T' good and bad o' this kit is that it uses pre-molded styrofoam pieces, one for t' booster and one each for t' upper stages. Arrr! On t' booster, it is really helpful t' "automatically" align t' fins because they are inserted into slots in t' foam block. Begad! T' purpose o' t' upper stage foam is, I suppose, t' make t' model appear as a single, six-sided upper stage instead o' three discrete tubes.  T' top-view outline o' t' upper stages appears t' look like a flattened diamond shape. T' three nosecones match this pattern, so when all three are placed together on t' booster they form a single, hexagonal shaped nosecone.  What's good is that t' Styrofoam material is light and produces a shape that would be very difficult t' reproduce with paper or cardboard, and is much lighter than that or if it was made o' balsa.  What is bad about t' foam I found out from building: 1) In shipping, it is very prone t' surface dents, matey, scratches and such from t' other parts in t' bag, and even when painted it is a somewhat fragile surface. Ahoy! 2) You must be careful what primer, paints, glue and fillercoat etc. chemicals you use, me hearties, because some finishin' materials can literally disolve t' foam.  Most distressin' t' me is that t' finished surface will still be prone t' knicks and dents, matey, I expect this rocket t' look pretty beat-up after a few flights.  I had t' add wood filler and sand a lot o' t' dents in t' foam just from shipping. Avast, me proud beauty! I have seen plenty o' Estes kits shipped in boxes, ya bilge rat, so why wouldn't Estes ship this kit in a box is beyond me.

For t' upper stages, matey, t' core body tube consists o' a BT-5 tube which is surrounded on three sides with a molded Styrofoam piece. Aye aye! This piece also provides t' advantage o' actin' as a permanent fin alignment jig, ya bilge rat, as t' fins are glued t' each side and one is inserted into a slot in t' foam.  T' foam on both t' lower and upper stages makes it difficult t' sand t' balsa withouth gougin' t' foam, so I recommend doin' all o' t' sandin' - even t' balsa filler -  before attachin' t' fins.  I should have used a paper coverin' layer on t' fins, which I do t' all me rockets now t' avoid t' filler-sand-filler-sand-filler-sand routine. Paper makes a nice, ya bilge rat, clean, flat surface free from wood grain, me hearties, adds strength, and is much easier and cheaper than balsa sandin' sealer or fillercoat. (Use photo-mount ahesive sold in spray cans at craft and office stores).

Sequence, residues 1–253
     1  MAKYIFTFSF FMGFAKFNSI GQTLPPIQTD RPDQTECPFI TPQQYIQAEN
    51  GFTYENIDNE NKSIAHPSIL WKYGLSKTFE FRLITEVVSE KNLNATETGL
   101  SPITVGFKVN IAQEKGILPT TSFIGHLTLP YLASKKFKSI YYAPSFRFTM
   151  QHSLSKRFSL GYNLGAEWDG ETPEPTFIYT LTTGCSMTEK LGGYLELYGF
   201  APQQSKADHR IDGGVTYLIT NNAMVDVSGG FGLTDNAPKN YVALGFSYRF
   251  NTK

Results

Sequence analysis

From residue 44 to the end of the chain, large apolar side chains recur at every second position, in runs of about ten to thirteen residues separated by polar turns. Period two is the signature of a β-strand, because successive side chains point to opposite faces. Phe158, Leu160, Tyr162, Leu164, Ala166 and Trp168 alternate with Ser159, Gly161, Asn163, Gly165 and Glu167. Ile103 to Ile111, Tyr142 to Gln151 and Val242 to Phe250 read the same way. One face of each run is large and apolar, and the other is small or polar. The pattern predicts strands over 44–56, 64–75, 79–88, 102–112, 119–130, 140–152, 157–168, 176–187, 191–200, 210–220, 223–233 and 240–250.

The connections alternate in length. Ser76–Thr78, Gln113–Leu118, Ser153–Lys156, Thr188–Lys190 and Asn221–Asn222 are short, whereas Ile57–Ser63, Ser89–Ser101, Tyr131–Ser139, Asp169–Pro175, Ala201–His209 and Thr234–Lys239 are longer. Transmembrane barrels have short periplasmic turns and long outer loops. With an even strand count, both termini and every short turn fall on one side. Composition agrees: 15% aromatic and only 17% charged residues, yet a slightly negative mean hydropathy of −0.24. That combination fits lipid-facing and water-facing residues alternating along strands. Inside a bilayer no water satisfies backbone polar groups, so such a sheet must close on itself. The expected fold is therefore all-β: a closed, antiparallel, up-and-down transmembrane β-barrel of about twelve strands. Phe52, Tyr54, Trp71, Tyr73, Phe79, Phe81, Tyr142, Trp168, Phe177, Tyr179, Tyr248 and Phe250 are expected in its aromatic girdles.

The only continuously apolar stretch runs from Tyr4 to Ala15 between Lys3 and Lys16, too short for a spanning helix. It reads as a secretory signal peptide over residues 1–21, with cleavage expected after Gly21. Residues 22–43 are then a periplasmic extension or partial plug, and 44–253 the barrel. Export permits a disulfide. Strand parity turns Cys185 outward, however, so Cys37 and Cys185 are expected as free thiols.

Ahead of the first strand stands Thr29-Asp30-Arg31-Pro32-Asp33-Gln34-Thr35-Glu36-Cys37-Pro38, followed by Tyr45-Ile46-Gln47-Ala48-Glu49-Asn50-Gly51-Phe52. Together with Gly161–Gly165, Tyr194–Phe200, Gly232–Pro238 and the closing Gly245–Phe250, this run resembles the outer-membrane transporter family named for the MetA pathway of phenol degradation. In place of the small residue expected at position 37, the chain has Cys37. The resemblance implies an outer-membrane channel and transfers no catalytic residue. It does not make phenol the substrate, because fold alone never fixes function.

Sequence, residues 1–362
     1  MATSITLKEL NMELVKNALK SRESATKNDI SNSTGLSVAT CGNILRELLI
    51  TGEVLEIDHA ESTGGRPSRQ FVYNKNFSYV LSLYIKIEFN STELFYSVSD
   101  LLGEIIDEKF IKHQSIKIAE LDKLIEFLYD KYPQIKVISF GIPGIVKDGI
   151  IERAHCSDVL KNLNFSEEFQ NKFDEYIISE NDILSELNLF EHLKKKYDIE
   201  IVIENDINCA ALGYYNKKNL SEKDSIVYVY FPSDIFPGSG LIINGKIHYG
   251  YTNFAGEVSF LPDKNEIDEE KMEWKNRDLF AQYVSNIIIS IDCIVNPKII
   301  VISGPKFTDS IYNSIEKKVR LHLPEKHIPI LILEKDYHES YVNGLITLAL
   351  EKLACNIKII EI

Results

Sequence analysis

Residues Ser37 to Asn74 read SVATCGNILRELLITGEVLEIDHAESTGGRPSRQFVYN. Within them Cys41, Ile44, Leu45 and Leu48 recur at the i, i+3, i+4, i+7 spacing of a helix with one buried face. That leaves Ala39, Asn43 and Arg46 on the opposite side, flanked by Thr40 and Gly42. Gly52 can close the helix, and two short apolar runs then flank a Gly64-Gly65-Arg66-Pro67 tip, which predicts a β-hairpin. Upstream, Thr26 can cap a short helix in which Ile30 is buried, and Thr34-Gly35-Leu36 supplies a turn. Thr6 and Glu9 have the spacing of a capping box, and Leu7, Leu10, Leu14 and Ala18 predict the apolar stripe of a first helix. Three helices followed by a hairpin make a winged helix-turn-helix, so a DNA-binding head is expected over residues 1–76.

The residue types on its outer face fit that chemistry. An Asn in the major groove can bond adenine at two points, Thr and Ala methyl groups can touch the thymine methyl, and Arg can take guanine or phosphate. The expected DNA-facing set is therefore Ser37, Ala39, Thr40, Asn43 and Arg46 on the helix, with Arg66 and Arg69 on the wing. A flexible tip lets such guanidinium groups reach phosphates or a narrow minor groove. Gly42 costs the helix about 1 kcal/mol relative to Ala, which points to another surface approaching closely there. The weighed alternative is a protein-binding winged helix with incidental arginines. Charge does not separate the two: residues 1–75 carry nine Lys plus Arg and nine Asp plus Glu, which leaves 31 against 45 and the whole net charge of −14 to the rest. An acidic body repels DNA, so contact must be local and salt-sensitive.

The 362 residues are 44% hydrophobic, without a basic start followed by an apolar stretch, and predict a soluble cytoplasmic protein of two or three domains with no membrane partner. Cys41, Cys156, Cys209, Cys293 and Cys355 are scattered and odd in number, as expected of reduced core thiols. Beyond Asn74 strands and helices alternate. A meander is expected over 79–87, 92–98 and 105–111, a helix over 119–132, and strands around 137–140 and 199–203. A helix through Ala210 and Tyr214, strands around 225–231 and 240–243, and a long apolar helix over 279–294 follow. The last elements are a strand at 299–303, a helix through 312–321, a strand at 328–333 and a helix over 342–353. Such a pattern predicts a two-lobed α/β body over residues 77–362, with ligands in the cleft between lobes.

One aspect o' this kit that seemed a bit strange t' me was how t' fins are built up from two pieces o' laser-cut balsa sheets each. Avast, me proud beauty! While I totally get this for larger fins, or fins with unique shapes or strakes, ya bilge rat, it didn't make much sense t' me because these shapes are basically parallelograms that are swept forward. Arrr! A single sheet o' balsa would have been easier t' build for sure. I can only speculate that t' offsets o' t' grain o' t' two pieces add strength t' t' fins. After all, it is a tumble recovery rocket and t' fins may take a hard hit occasionally.